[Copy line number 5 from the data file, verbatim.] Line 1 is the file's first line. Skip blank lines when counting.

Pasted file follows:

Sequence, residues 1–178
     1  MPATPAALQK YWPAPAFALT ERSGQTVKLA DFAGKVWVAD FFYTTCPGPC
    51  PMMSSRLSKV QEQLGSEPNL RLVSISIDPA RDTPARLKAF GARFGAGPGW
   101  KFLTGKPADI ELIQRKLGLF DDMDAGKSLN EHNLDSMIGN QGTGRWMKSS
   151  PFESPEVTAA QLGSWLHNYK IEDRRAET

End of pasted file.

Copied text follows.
   151  PFESPEVTAA QLGSWLHNYK IEDRRAET